Queue starts at 5.30am for free clinic
Patients start waiting outside clinic two hours before opening hours
There were newspapers and bags on the chairs to mark that the seats were taken.
But this was no queue to buy concert tickets. It was a line waiting to see the physicians at a free clinic.
Every morning at traditional Chinese medicine (TCM) clinic Thong Chai Medical Institution's Ang Mo Kio branch, elderly patients start queuing at 5.30am, two hours before it opens, said people The New Paper spoke to. And that is just for the morning slot.
When we visited the clinic at 8am last Thursday, there were seven people sitting outside, queuing to see the physicians during the clinic's afternoon shift which starts at 12.30pm.
It is understood among regular patients that items placed on the chairs mean the seats have been taken, said Ms Agnes Lim, 70.
She reached the clinic, which offers general consultation and acupuncture, at 7.30am to queue for a foot acupuncture session in the afternoon.
The part-time fast-food restaurant worker said: "I stand long hours at work, so I need help.
"I started visiting the clinic two years ago for acupuncture and minor illnesses.
"I don't mind the queue because I can feel the blood circulation in my legs improving with the treatments."
While everything, including medicine, is free at the clinic, there is a donation box for patients who wish to contribute. The clinic is supported by PAP Community Foundation's Cheng San-Seletar Branch.
"I like that we have the flexibility to donate whatever amount we want. I donate every time I come," said Ms Lim, who declined to reveal how much she drops in the box.
The treatment is also better than that of private TCM clinics, said Mr Huang Tai Ping, 80, who was at there at 8am.
Mr Huang, who started visiting the clinic four months ago for pain in his leg, said: "I once visited a private TCM clinic seven times for acupuncture, but the pain only worsened."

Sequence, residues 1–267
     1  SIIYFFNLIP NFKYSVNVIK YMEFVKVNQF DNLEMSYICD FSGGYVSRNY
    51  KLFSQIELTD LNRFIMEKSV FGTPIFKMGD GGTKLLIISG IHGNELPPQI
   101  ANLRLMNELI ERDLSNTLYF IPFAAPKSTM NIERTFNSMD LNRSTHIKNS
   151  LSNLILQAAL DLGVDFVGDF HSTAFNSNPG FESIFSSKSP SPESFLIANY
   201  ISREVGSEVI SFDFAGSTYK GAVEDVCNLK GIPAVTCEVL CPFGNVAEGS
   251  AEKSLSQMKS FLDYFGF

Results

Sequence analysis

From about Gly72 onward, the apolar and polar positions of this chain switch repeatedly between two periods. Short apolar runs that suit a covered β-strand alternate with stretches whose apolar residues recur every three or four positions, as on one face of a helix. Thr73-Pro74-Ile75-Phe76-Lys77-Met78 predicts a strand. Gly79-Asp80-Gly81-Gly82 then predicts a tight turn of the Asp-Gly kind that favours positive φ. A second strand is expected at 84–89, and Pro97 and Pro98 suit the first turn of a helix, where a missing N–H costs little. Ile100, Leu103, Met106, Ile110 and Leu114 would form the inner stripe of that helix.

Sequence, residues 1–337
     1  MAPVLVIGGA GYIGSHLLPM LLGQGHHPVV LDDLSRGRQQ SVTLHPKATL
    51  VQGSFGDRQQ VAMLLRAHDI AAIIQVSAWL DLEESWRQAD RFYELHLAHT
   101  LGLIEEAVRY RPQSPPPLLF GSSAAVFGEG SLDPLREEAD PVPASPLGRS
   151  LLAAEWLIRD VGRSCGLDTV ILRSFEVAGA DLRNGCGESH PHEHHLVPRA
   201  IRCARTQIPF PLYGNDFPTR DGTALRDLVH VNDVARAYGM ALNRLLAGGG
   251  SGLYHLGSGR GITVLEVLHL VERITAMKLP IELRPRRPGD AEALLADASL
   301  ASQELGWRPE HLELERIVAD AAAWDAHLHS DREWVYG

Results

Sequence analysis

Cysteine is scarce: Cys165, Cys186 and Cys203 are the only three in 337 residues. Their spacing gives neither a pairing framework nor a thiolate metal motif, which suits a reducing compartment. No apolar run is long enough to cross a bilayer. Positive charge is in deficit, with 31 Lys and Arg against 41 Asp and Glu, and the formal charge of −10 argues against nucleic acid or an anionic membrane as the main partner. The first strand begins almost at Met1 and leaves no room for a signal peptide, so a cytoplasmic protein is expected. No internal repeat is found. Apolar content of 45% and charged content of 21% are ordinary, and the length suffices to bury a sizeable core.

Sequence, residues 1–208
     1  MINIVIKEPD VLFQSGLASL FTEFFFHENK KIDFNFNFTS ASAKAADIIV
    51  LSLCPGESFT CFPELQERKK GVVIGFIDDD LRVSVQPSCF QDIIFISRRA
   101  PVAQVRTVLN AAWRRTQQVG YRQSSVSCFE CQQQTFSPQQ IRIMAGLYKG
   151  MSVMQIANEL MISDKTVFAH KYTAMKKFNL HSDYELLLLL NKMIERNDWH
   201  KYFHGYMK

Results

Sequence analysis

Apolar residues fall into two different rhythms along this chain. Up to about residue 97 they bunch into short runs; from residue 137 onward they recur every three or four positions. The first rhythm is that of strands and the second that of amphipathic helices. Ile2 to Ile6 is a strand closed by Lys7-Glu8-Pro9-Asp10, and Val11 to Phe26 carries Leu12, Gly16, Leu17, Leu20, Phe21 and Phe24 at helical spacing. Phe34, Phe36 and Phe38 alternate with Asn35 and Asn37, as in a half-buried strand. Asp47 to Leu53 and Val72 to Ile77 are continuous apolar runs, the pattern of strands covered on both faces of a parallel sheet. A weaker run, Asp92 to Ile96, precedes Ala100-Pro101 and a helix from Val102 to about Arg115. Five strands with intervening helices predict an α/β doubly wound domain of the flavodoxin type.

Private clinics charge about $50 per session, added the retiree.
"At Thong Chai, not only are we allowed to give whatever amount we can, I feel myself getting better after each acupuncture treatment," said Mr Huang.
Thong Chai's acting administration manager Zheng Huang Fang said its Ang Mo Kio clinic sees about 300 to 400 patients daily - more than its other free clinics in Chinatown and Sengkang.
Addressing the patients' way of "booking" seats and obtaining queue numbers for others, she said Thong Chai has "long noticed these problems" and has implemented measures to curb such behaviour.
These include rescheduling the physician roster to minimise the morning queue and limiting each patient to only one queue number.
I like that we have the flexibility to donate whatever amount we want. I donate every time I come.
- Ms Agnes Lim
Patients in queues usually patient
A spokesman for the Public Free Clinic Society, which runs four free TCM clinics here, said its patients are "generally well behaved and of good manners" and do not reserve seats using items.
Each of its clinics receives between 100 and 200 patients daily.
While its clinics allow patients to obtain an additional queue number for someone else, an identity card (IC) or identification document of the absentee must be presented during registration.
Thye Hua Kwan Moral Society (THKMS), which operates three free clinics, receives an average of 15 people per three-hour session at its Taman Jurong branch.
"As the number of patients visiting our clinic is of a manageable volume, we do not need to implement measures to regulate the numbers," said its spokesman.
At THKMS's clinics, first-time patients need to register with their IC. Subsequently, they need to only mention their name or show their IC to register.
The Singapore Buddhist Free Clinic sees about 100 to 150 patients a day at each of its seven clinics, said its spokesman.
While patients start queuing outside the clinic 30 minutes before it opens, there has been no problem of patients reserving seats or obtaining queue numbers on behalf of others, he added.
He also said the clinic displays notices to remind patients that queue numbers are given on a "first come first served" basis and phone bookings are not accepted.
Patients must also be physically present to collect their own medicines.